ALBANY — Even as Mayor Bloomberg and key local leaders warned state Comptroller Tom DiNapoli yesterday that pension costs are bankrupting the state, a court ruling is blocking New Yorkers from seeing for themselves who’s getting the big-bucks retirement packages.
The state’s highest court has rejected a conservative think tank’s latest legal appeal to require that the New York City Police Pension Fund make public the names of its pensioners.
Other pension funds — which have made public such information in the past — are using the ruling to justify withholding their retirees’ names, too.
The Empire Center for New York State Policy, which sued to add city police pensioners’ names to its online posting of public employee retirees, plans to sue again, said lawyer David Schulz.
“The refusal to make available basic information that people need to understand local payrolls, to uncover fraud and to debate the pension system itself is outrageous,” Schulz said.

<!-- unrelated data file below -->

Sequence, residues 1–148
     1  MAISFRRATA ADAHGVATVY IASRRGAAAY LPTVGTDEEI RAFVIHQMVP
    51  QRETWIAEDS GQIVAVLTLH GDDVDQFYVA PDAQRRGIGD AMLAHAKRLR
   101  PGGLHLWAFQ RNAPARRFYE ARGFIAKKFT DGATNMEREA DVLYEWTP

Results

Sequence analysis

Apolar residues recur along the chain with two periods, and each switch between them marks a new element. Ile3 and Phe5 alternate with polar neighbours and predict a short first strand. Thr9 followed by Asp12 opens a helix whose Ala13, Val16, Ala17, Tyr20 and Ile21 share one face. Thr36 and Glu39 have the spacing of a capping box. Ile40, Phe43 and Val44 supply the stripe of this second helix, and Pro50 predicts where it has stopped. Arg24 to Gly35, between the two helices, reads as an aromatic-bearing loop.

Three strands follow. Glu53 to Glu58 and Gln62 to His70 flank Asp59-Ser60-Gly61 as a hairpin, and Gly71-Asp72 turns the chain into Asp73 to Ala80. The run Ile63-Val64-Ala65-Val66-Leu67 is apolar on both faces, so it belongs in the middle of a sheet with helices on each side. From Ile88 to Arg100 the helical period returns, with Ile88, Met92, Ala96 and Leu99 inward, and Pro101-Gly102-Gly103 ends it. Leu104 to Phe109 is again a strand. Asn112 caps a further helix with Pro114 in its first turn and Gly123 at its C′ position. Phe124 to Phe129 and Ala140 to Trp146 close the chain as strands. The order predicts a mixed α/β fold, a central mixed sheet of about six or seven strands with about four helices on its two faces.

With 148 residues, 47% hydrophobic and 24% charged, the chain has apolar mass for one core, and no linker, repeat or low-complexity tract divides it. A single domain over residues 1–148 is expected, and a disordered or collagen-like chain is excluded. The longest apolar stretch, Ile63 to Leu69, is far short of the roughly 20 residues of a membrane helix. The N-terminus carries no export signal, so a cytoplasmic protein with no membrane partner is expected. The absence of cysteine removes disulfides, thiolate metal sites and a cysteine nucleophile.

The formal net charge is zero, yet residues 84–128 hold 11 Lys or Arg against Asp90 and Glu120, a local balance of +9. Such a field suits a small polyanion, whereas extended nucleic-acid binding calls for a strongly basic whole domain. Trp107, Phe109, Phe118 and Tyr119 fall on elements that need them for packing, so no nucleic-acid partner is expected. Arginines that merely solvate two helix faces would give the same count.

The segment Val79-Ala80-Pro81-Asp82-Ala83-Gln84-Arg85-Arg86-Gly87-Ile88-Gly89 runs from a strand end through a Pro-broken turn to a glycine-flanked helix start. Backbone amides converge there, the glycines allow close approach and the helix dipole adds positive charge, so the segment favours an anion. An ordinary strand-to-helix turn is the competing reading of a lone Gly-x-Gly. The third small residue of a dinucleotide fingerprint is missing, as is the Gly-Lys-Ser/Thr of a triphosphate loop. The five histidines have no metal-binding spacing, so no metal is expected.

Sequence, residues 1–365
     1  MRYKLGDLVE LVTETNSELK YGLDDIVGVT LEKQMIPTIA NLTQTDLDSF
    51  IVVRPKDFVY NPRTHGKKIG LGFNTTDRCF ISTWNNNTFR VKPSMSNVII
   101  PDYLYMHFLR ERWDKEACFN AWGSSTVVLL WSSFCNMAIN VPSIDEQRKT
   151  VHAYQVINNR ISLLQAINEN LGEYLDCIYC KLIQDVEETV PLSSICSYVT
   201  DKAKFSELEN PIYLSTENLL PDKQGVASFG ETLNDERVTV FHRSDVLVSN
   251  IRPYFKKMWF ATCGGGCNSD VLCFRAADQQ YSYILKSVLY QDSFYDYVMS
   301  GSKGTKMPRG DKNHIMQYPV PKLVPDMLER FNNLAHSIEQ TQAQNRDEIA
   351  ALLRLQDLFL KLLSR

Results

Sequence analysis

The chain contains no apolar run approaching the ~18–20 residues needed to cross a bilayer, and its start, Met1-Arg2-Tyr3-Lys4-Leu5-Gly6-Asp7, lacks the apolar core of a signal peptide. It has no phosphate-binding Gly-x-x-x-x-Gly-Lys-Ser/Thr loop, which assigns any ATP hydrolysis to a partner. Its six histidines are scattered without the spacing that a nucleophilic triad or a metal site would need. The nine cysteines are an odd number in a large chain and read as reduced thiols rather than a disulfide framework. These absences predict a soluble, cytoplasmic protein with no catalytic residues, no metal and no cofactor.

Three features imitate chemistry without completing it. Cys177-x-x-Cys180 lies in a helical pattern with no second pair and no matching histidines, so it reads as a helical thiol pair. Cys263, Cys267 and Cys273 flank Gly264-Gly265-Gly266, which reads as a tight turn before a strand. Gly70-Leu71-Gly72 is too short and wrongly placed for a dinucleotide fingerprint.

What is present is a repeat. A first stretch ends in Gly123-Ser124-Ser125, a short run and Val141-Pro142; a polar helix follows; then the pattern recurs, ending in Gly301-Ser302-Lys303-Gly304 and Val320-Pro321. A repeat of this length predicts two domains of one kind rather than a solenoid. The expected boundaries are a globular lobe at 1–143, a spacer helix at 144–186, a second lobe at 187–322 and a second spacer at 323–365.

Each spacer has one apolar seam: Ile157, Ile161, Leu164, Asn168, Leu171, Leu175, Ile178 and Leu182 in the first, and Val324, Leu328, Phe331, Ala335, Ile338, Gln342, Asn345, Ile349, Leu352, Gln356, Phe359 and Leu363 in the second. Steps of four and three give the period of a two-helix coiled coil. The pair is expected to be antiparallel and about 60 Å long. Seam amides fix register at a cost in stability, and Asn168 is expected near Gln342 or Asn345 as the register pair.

Meantime, Bloomberg and other local leaders attacked DiNapoli for resisting Gov. Cuomo’s proposal to cut pension benefits for future government workers — and save $113 billion over 30 years, by Cuomo’s estimate.
“We are concerned about your dismissal of local government leaders’ support for the Governor’s plan because its impact will not be felt immediately,” the group wrote DiNapoli. “The fiscal health of our state and localities in the long run necessitates pension reform now.”
The missive was signed by both Cuomo’s political allies, including Suffolk County Executive Steve Bellone, and his potential challengers, such as Westchester County Executive Rob Astorino.
The letter cited a 630 percent increase in pension costs to localities over the last decade and the paltry 1 percent public employees now contribute to their retirement benefits — which puts New York’s government workers below those in all but three states.
“Dismissing this crisis” will result in “higher taxes and service cuts,” the letter said.
Cuomo’s plan is vehemently opposed by labor unions. It would raise future government workers’ retirement age from 62 to 65, increase their contribution requirements from a maximum of 3 percent to as much as 6 percent and lengthen their vesting from 10 years to 12 — while offering as an alternative a 401(k)-style “defined contribution” plan portable after a year.
DiNapoli, who controls the state pension funds, has repeatedly argued 401(k)-style plans don’t provide adequate retirement security, but his aides say he believes a discussion about reducing benefits for future employees is “appropriate.”